Menstural Cycle


In order to understand and maintain personal health, a woman benefits from becoming more
knowledgeable of the menstrual cycle in order to understand what is normal and when a visit to
your OB/GYN is merited.  Girls typically begin having menstrual periods between the ages of
eleven and fourteen; however, the onset of menstruation (menarche) can occur as early as age
ten or as late as age seventeen.  Menstrual periods are often irregular during first two years. Each
woman’s body will establish its own regular menstrual cycle which can vary between every 24 to
35 days.

The length of menstruation varies in relation to each woman’s lifestyle and age. Data indicate that
women in their 20s have longer periods than women in their 40s. Women who drink alcohol on a
regular basis have more frequent periods, and women who exercise and are thinner have cycles
of shorter duration. It is important to remember that each woman is unique and many factors
contribute to the length and frequency of menstrual periods. However, the average cycle is six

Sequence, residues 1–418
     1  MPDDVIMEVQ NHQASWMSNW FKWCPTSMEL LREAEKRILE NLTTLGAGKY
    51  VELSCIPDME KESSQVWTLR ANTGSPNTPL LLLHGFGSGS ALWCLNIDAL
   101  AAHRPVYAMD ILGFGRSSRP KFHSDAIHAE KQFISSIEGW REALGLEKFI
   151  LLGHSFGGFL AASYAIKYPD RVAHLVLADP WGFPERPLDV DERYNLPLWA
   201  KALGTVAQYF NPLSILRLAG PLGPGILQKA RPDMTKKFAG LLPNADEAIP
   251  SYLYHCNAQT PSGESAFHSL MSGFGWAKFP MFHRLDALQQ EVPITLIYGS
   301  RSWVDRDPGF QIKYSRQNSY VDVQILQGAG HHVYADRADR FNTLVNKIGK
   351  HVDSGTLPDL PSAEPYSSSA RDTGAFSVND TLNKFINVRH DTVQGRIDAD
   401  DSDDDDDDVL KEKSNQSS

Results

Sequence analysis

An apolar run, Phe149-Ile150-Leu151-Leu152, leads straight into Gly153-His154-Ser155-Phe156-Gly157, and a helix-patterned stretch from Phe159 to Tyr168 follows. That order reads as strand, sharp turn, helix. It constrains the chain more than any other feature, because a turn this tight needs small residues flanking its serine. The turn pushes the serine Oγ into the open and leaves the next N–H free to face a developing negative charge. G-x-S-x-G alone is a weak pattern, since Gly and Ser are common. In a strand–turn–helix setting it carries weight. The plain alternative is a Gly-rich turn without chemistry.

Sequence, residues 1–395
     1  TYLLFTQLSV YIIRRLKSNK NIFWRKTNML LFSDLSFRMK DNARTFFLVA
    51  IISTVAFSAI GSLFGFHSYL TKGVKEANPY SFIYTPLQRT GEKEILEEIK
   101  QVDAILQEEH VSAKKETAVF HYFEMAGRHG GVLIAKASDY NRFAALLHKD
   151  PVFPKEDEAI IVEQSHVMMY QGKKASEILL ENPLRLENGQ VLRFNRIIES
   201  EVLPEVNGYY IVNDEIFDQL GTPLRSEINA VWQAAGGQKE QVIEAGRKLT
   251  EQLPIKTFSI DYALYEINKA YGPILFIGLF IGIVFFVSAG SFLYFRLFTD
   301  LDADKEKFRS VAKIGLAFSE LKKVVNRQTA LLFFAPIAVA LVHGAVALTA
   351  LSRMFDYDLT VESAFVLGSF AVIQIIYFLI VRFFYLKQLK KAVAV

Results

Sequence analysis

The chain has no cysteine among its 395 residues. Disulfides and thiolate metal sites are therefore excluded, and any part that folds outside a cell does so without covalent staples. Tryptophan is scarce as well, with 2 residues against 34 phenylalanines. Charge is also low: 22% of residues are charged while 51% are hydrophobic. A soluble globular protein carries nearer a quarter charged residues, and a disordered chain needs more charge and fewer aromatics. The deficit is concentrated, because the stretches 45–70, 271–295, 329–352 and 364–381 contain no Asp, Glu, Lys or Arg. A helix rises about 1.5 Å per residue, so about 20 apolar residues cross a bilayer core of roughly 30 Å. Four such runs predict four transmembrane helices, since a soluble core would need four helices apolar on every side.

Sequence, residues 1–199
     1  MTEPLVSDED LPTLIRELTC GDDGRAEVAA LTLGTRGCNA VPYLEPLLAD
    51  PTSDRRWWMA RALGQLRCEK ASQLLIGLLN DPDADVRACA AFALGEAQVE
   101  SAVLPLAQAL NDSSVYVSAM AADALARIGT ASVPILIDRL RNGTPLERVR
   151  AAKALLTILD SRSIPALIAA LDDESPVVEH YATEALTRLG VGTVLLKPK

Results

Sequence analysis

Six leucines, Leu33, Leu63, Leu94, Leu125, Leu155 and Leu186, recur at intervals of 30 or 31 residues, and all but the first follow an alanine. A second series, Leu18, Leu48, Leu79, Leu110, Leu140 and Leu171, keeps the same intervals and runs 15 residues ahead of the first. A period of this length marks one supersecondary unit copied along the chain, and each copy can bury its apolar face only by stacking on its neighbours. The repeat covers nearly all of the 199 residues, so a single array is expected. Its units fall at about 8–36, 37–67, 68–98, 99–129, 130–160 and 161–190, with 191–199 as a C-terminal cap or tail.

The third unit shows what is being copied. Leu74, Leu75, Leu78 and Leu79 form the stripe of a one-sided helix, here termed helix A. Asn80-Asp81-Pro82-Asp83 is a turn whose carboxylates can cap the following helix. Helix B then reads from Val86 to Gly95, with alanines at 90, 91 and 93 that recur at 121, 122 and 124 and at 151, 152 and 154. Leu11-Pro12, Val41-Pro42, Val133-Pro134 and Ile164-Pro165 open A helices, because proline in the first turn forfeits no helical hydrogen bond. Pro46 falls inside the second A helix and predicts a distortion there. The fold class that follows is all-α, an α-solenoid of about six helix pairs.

days, and women who take birth control pills tend to have shorter, predictable periods.

Premenstrual syndrome (PMS) is a physiological and psychological stress on the body leading to
mood swings and depression that can occur before the onset of a period. Data indicate that PMS
seriously impairs 3-5% of women but many women are at least moderately affected by the

Most women experience physical symptoms with menstruation including bloating, breast pain,
slight temporary weight gain, agitation, insomnia, gastrointestinal distress, and headaches.
Menstrual cramps (dysmenorrhea) commonly occur as well and are caused by a uterine
hormone called prostaglandin. Several things can be done to alleviate dysmenorrhea including:

– Regular exercise helps decreases the severity of PMS.

– Ibuprofen (Advil) or naproxen (Aleve) are effective pain-relievers.

– Heat relaxes sore muscles, such as a hot water bottle applied to the abdomen, a hot bath
or a heating pad.

– Drink at least 8 glasses of water a day.

– Eat food low in salt to reduce water retention.

Extremely heavy periods (menorrhagia) and the absence of periods (amenorrhea) can occur
for a variety of reasons. Women experiencing either situation should consult their physician.